What Kind of Teammate Are You?

One of the themes that comes up in all of our leadership communication workshops is the concept of “how to be a good teammate.” People always seem interested in the steps towards being a better leader and a better teammate. People always seem to want to hear “first do this… then do this… then do this…” People like specific steps, and information that can be saved in lists.

But the first step towards being a great person to work with has nothing to do with any specific action. It is not about anything you might do. It has everything to do with what is going on inside you. Being a great leader, a great follower or a great teammate starts with caring about other people. You have to enjoy seeing people succeed. You have to care what they think. You have to want to hear what they have to say. You have to be comfortable sharing credit and not making it all about you.

There are lots of things you have to do to be a good teammate, and those specific actions may differ a bit depending on where you sit on the organizational chart. But regardless of where you sit in the organization, being great to work with starts with taking an interest in other people, being able to control your own ego and not have to make everything all about you. If you can do that, if you can control the ego, and if you can really care about the success of others, you now have the opportunity to be a great teammate and a great leader. Then, and only then, can we have a meaningful conversation about the specific steps you can take to be a great teammate. But without first having the proper attitude, the specific steps and actual behaviors won’t matter.

So, ask yourself… what kind of teammate are you? For today’s discussion, I think there are three ways to categorize teammates: You are either: the type of colleague who either legitimately cares about the success of others; or the type who doesn’t really care but knows you should, so you fake it; or the type that just doesn’t care at all. We could probably make it more complicated than that, but let’s keep it simple today.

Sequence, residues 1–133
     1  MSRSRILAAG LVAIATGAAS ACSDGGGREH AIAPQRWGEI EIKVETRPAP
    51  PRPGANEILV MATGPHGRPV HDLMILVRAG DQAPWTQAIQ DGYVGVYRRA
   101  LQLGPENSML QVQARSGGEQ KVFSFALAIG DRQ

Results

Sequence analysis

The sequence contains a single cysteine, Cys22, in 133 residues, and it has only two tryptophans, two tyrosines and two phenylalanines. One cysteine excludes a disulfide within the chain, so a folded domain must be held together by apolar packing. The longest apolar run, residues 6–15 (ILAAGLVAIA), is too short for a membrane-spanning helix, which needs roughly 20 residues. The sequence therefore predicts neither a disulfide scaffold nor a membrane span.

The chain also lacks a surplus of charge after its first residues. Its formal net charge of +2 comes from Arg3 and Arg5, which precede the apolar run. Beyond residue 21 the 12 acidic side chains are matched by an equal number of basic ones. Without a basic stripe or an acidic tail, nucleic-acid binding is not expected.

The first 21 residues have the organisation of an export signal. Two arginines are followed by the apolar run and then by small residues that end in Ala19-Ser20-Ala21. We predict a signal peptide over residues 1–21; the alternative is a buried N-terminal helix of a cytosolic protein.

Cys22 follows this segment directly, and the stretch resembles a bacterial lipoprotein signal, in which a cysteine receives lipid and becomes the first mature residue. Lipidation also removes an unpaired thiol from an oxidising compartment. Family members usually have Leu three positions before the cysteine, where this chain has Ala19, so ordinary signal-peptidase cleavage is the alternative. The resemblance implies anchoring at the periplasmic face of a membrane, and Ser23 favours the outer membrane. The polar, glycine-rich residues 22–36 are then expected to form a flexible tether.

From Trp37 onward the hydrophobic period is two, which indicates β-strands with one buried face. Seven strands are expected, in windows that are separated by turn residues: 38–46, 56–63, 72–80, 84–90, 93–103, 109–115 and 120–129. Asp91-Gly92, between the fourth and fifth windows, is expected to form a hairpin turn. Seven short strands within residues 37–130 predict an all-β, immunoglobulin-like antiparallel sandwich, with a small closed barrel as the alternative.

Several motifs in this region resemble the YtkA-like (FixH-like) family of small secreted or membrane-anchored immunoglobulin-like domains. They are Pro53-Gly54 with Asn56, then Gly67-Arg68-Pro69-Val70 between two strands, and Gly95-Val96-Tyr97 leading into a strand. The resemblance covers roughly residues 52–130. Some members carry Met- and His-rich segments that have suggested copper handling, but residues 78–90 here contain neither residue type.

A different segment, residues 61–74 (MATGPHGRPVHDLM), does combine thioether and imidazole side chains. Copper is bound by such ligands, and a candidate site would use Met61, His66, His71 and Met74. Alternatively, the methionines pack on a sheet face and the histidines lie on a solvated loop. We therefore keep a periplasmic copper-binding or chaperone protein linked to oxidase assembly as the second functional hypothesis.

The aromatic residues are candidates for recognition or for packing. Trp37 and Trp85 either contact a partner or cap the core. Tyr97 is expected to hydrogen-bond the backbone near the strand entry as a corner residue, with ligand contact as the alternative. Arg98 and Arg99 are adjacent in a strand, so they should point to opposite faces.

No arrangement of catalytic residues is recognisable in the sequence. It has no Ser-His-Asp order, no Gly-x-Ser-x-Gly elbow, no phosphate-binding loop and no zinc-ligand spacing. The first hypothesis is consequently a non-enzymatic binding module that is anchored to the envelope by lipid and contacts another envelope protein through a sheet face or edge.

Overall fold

What kind of teammate are you? Be honest.

Have a great day.

Does your team:
– Take too long to make decision?
– Fail to ask for what it wants or needs from you?
– Make things too complicated?
– Deliver unconvincing or disorganized presentations?
– Have new hires who are unprepared to communicate in the workplace?

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One response to “What Kind of Teammate Are You?”

  1. Derick Nicholas says:

    First class discussion! I compliment you one more time. BUT, and there always is a “but” isn’t there. Your discourse this morning “being a good team member” moves into the personality, and character realm, no doubt the guts of communication after all is said and done, but oh, my , fraught with quick sand and pitfalls just as much as what constitutes a good leader is also a tricky conversation, doomed to conviction and hunch. Name your study. Are both leader and “good team member” born or made, the old and battered curmudgeon’s sigh, or what combination there of?

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Dean Brenner

A book about change

The Latimer Group’s CEO Dean Brenner is a noted keynote speaker and author on the subject of persuasive communication. He has written three books, including Persuaded, in which he details how communication can transform organizations into highly effective, creative, transparent environments that succeed at every level.